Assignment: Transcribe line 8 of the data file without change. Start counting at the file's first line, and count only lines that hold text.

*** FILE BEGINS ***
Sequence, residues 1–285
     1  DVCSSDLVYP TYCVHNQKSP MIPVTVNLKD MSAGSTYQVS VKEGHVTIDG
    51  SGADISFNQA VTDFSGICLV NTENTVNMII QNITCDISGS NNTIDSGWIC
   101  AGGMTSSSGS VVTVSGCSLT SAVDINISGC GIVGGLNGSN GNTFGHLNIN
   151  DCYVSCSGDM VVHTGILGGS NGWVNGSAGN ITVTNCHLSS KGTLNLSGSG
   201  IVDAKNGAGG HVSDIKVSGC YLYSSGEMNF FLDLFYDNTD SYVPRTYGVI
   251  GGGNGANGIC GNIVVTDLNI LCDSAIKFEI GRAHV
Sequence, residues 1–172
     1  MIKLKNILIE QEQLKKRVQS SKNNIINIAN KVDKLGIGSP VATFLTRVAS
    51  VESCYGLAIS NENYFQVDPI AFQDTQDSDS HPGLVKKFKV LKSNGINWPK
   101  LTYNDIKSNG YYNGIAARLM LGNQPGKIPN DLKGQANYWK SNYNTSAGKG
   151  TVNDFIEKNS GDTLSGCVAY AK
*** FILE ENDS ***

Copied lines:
Sequence, residues 1–172